Each month, OIG releases their Work Plan updates to inform the public about the projects they are taking on during the year including auditing, reporting, and investigating HHS operating divisions, including the following:
- Centers for Medicare & Medicaid Services (CMS)
- Public health agencies such as the Centers for Disease Control and Prevention (CDC)
- National Institutes of Health (NIH)
- Administration for Children and Families (ACF)
- Administration for Community Living (ACL)
- Various state and local governments – evaluating the use of federal funds as well as the administration of HHS
*Some of the projects described in the Work Plan are statutorily required.
HHS OIG Audit Results and Excluded Individuals and Entities
- $2.3 billion reported expected investigative recoveries
- 421 individuals or entities that engaged in crimes against HHS programs
- Exclusion of 1,293 individuals and entities
- Civil actions against 331 individuals or entities
HHS OIG Priority Areas
- Opioid epidemic
- Quality of care
- Children in the Office of Refugee Resettlement facilities care
OIG Strategic Publications
To better support the work of the OIG and its approach to protect the integrity of U.S. Health and Human Services (HHS) programs, the office releases valuable resources (in accordance with OIG’s Strategic Plan for 2014-2018) throughout the year for enhanced learning, general awareness, and demonstrated value.
Take a look at how they are provided a means for annual transparency and visibility into their process and priority focus each year.
The OIG’s Strategic Plan for 2014-2018 outlines the OIG’s approach to protecting the integrity of HHS programs with four key goals:
- Fight fraud, waste, and abuse.
- Promote quality, safety, and value.
- Secure HHS programs’ future.
- Advance excellence and innovation.
Ensuring Quality of Care and Protecting Medicare Patients From Harm
OIG determined that more than 4 in 10 Medicare patients in long-term-care hospitals (LTCHs) experienced some type of harm from care. Additionally, upon medical review, it was estimated that “25 percent of Medicare patients in LTCHs experienced temporary harm events from their care and an additional 21 percent experience more serious adverse events”.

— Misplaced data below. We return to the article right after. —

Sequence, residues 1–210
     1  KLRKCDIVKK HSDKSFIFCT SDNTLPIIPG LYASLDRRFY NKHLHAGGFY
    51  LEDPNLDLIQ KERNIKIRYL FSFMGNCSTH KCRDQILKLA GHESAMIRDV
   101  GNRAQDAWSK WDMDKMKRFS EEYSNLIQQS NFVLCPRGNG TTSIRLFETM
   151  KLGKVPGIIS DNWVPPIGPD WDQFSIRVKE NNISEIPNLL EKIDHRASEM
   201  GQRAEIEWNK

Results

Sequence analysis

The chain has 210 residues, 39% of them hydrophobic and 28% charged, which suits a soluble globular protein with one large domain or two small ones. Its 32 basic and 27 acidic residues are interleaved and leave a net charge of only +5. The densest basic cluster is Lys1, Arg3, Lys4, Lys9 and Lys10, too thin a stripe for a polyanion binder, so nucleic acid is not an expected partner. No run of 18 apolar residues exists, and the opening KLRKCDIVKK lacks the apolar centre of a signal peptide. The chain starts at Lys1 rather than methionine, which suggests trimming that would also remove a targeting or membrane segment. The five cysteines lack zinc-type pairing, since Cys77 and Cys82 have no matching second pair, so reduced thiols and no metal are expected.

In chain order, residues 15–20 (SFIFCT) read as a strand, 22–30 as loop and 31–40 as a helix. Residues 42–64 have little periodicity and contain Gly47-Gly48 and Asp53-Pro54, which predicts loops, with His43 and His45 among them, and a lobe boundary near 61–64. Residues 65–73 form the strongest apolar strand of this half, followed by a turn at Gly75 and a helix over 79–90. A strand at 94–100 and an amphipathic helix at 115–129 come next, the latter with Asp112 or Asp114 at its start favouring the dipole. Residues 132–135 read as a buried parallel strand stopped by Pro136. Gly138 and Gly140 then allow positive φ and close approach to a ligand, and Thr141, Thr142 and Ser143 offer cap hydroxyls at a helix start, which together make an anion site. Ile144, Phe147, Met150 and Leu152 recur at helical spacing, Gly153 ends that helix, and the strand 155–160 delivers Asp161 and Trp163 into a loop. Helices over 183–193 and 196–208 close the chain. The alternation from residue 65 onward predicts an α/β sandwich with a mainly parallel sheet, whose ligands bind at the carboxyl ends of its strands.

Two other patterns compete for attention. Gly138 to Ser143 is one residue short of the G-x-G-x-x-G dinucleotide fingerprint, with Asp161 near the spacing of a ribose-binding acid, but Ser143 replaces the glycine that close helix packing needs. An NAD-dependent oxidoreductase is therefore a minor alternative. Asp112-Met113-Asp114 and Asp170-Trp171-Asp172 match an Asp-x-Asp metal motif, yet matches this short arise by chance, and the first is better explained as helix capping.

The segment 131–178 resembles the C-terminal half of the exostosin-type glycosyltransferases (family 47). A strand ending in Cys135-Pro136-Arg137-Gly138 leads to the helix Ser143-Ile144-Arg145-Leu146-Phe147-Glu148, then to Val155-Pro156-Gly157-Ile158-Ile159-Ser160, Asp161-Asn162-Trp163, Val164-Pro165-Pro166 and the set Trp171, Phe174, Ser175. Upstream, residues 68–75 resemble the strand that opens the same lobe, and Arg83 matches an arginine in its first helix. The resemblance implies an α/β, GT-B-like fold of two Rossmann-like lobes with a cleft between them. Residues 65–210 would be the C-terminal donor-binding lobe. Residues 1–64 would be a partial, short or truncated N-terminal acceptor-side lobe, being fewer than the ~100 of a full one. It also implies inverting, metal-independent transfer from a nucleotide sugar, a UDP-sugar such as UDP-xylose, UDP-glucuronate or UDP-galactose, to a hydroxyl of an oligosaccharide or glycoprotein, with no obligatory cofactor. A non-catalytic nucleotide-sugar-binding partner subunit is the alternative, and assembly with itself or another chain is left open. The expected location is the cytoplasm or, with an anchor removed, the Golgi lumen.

In a recent report, OIG recommended that CMS improve its guidance to state agencies on verifying nursing homes’ corrections and improve its related forms and systems to correct deficiencies including quality and safety concerns.
As the demand for care and skilled providers continue to rise, OIG “has long prioritized oversight and enforcement work to protect Medicare and Medicaid patients from harm and to help ensure that patients receive high-quality care”.
Ensuring Program Integrity and Effective Administration of the Medicare Program
– OIG Semiannual Report, Spring 2019
Reducing improper payments and ensuring that Medicare funds are spent efficiently, effectively, and economically is crucial. In FY 2017, Medicare spent nearly $700 billion, representing more than 15 percent of all Federal spending, and provided health coverage to 58.4 million beneficiaries.”
Multiple reports have indicated that due to the estimated growth of Medicare and federal healthcare spending, it is critical that improper payments are diminished in regards to affordable spending. It is currently projected that the Medicare Part A Trust Fund will be depleted by 2026 and that spending for Medicare Part B will grow faster than the U.S. economy for the next 5 years.
Some significant work has been done from HHS OIG to address these concerns during the semiannual reporting period.
Here are a few examples:
OIG recommended that CMS recover $1.6 billion due the Federal Government in Medicaid overpayments. CMS has not recovered all of the overpayments identified in OIG audit reports in accordance with Federal requirements
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Written by Michael Rosen, Esq.
Michael brings over 20 years of experience founding and leading risk mitigation businesses, receiving numerous accolades such as Inc. Magazine’s Inc. 500 Award and Nashville Chamber of Commerce Small Business of the Year.